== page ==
BoE's Haldane: "Too Big To Fail Is Far From Gone"

Authored by Andrew Haldane (Executive Director, Bank of England); originally posted at VoxEU,

Have We Solved ‘Too Big To Fail’?

No.

That is not my pessimistic verdict; it is the market’s. Prior to the crisis, the 29 largest global banks benefitted from just over one notch of uplift from the ratings agencies due to expectations of state support. Today, those same global leviathans benefit from around three notches of implied support. Expectations of state support have risen threefold since the crisis began.

This translates into a large implicit subsidy to the world’s biggest banks in the form of lower funding costs and higher profits. Prior to the crisis, this amounted to tens of billions of dollars each year. Today, it is hundreds of billions (Haldane 2012). In other words, if the market’s expectations are to be believed, the regulatory response to the crisis has not plugged the ‘too-big-to-fail’ sink.

On the face of it, that sounds perplexing. Rarely a day passes without a warning from the financial industry about overbearing regulation of, in particular, the world’s biggest banks. What is certainly true is that, in the light of the crisis, regulation to quell the too-big-to-fail problem has come thick and (at least in regulatory terms) fast. This reform effort falls into roughly three categories:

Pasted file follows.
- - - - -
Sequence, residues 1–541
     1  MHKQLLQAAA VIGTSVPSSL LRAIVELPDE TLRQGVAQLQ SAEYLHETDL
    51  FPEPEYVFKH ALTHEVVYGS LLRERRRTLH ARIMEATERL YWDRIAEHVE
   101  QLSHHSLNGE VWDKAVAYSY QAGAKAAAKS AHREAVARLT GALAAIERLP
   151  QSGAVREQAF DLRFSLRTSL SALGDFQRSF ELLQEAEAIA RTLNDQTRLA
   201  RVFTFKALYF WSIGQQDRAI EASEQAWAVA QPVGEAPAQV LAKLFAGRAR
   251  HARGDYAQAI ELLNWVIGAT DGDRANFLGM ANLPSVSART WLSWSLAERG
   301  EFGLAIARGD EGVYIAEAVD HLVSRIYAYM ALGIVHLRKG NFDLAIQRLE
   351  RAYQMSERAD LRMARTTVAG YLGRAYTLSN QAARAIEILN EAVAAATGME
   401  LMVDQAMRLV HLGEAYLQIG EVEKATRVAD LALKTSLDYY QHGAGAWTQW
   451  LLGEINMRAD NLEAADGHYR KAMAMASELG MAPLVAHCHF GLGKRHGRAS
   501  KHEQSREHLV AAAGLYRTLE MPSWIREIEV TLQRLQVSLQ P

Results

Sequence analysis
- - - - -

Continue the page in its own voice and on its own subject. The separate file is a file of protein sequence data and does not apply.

(a) Systemic surcharges: of additional capital levied on the world’s largest banks according to their size and connectivity. This Pigouvian tax on systemic risk externalities is built on conceptually sound foundations (for example, Brunnermeier 2009). And, encouragingly, good economics has found its way into good public policy. Last year, the Financial Stability Board (FSB) agreed a sliding scale of systemic surcharges for the world’s largest banks. The highest surcharge was set at 2.5% of capital.

 

Yet therein lies the problem. Based on my estimates (Haldane 2012), a charge levied at this rate would leave the majority of the systemic externalities associated with the world’s biggest banks untouched. The reduction in default probabilities associated with lowering leverage by a percentage point or two would not offset the higher system-wide loss-given-default associated with the world’s largest banks. The systemic tax is being levied at rates which are too low to meet Pigouvian ends.

 

(b) Resolution regimes: In principle, orderly resolution regimes for banks could lower the collateral costs of a big bank defaulting, thereby tackling at source these systemic externalities. And significant public policy progress has been made on this front, with the FSB publishing (and the G20 approving) some Key Attributes for Effective Resolution Regimes during the course of the past 18 months. A key component of these plans is the ability to impose losses on private creditors – so-called ‘bail-in’ – rather than have those losses borne by taxpayers.